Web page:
The answer to this question is resource based authorisation. Everybody is familiar with resource based authorization. It’s about managing a set of policies for all resources, i.e., databases, tables, views, columns, processes, applications and others. That means whenever you create a new resource, you need to create a new policy that matches this resources with users or groups and assigns adequate permissions to them.
In resource-based authorization security policies match resources with users/groups.
Thus, authorization services must be aware of the resources (from a specific resource providing service) as well as users and groups (usually from an authentication provider, such as an Active Directory).
The authorization service connects to the resource-providing service to be aware of the resources. The service typically knows which types of permission the specific resources allow for. In the diagram below you see a simplified process of how resource based authorization typically works and how the “stakeholders” interact.
In the Big Data landscape the de-facto standard authorization service is Apache Ranger.
Tag Based Authorization
Tag-based authorization is not so much more different. Instead of having a set of policies that match resources with users/groups, you create a set of policies that match tags with users/groups. This means also, that you need another instance or service to match resources with tags. Now, whenever you create a new resource, the only thing you need to do is to tag it. All existing policies for that tag will automatically apply for the new resource. This gives you more flexibility if you have a complex authorization model in your company, because one tag might be connected with multiple security policies:
It saves you from duplicating the same policies from similar resources
It’s more user-friendly and comes more natural to assign tags to a resource than thinking about which permissions/policies might be required, everytime you add a new resource.
In tag-based authorization security policies match tags with users/groups.
As mentioned before, an additional service is needed to manage the relationship between resources and tags. The authorization service knows the resource, syncs user and groups as well as the tags for the resources. The tag provider knows the resource and is the interface for the user to assign tags to the resource.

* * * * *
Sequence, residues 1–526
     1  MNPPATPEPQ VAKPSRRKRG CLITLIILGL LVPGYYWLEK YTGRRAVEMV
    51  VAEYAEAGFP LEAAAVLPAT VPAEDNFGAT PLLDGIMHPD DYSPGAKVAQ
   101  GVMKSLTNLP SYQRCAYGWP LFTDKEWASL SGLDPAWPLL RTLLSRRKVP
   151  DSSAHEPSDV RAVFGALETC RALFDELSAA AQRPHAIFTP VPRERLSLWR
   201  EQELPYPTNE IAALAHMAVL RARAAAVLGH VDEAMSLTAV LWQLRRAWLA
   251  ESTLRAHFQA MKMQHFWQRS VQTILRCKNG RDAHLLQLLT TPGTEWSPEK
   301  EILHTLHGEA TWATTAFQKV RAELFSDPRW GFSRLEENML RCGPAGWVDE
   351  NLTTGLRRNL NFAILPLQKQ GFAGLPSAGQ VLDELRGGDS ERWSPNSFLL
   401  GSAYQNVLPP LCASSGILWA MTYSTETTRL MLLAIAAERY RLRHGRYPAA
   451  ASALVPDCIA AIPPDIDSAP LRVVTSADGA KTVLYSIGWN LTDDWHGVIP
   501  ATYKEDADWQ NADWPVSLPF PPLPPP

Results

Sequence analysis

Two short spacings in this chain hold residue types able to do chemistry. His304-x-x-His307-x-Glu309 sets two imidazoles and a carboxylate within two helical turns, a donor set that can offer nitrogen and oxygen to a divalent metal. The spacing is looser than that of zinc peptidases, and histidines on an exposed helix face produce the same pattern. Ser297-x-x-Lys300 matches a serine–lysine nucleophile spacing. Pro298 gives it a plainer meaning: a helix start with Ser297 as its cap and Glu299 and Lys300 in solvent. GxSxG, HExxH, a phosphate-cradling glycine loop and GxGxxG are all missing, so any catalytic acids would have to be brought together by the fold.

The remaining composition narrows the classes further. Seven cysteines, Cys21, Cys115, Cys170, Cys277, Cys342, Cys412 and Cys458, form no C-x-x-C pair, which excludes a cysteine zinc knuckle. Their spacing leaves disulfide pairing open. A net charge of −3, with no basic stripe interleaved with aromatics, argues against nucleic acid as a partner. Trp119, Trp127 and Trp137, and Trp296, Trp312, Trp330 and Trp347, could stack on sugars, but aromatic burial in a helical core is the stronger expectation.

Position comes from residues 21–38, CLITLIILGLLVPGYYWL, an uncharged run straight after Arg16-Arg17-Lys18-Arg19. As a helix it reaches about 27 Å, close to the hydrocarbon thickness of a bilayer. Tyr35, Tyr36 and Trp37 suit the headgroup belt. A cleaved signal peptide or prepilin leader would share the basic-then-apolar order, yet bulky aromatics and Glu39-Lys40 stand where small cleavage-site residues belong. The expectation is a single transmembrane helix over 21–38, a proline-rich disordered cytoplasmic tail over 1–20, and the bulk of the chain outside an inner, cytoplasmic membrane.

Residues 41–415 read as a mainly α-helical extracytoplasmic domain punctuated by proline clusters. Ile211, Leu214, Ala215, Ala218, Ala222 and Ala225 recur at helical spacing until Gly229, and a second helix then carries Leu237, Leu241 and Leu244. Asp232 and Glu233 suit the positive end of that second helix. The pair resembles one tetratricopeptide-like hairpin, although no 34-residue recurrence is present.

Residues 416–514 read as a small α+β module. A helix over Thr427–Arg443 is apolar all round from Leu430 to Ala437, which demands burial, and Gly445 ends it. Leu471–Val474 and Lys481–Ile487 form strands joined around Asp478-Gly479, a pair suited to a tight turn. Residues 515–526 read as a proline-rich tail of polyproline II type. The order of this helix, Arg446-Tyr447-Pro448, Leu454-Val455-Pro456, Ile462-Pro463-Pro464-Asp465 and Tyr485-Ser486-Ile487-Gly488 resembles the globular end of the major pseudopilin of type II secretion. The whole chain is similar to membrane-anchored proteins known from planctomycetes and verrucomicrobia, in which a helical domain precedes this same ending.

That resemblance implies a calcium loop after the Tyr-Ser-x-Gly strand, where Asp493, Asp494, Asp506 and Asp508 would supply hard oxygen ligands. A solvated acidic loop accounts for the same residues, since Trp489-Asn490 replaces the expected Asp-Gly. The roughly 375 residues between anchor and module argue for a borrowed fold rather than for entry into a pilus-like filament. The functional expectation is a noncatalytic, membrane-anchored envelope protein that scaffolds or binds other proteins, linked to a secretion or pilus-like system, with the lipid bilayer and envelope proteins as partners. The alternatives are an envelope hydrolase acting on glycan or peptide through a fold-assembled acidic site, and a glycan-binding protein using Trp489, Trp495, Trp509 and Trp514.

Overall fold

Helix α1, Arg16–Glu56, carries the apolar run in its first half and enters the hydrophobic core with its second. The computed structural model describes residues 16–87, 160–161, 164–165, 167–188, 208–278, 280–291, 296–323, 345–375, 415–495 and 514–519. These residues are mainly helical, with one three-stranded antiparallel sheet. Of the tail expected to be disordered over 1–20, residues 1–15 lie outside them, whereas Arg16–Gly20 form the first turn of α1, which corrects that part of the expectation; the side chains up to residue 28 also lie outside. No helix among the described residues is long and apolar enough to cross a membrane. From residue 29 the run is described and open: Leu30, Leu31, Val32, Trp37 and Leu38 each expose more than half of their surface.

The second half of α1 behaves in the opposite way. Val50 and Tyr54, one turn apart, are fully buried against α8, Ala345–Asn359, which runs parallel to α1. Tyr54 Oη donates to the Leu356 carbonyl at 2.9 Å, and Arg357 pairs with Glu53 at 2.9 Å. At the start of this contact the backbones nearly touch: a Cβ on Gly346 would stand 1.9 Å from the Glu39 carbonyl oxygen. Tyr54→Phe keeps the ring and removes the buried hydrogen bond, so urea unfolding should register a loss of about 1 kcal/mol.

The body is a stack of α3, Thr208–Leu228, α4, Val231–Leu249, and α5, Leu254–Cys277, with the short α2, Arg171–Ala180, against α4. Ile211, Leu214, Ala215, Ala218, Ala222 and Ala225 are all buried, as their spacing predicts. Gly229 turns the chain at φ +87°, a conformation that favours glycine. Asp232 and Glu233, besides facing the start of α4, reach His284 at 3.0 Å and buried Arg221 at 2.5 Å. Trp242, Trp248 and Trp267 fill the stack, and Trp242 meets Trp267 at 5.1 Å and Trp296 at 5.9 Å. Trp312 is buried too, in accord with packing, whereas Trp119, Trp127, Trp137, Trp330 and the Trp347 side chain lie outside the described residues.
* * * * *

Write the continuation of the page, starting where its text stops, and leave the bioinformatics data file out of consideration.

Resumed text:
You can manage tags and govern your data sources using Apache Atlas. Apache Atlas integrates well with Apache Ranger and other services in the Big Data Landscape and can be integrated with any tool by leveraging its REST API.
Create Useful Tags
Tagging is powerful, since you can look from different angles at your resources, i.e., you can introduce multiple dimensions. Once you decided to go with tag-based security, the first step is to think about which dimensions you want to introduce in the beginning. The second step is to consistently apply those dimensions across your resources.
You can think of dimensions as categories of tags:
One category of tags classifies a resource, e.g., a database based on the source system the data came from: MySQL, Server Log, HBase, …
Another category of tags introduces the dimension of use cases: cyber_security, customer_journey, marketing_campaign2, …
A third category might be the career level within a company: common, manager, executive
Another category of tags distinguishes departments: sales, engineering, marketing, …
As long as you are consequently tagging your resources appropriately, the advantages of tagging in the context of authorization are immediately apparent: When you create a new resource, for example a Hive table, you apply the tags MySQL, customer_journey, executive, marketing and based on the pre-defined tag-based policies you’ll know that
The technical user, that does the hourly load from the MySQL database to Hive has write access to the table.
The team of all people that work on the customer journey project has read access to the table.
All employees on the executive level have read access to the table.
The marketing department has full access to the table.
I hope this article made it easy to understand the process and benefits of tag-based authorization. However, simplified security is only one of the benefits of tagging. Tagging is also useful to describe lineage and thus facilitate data governance.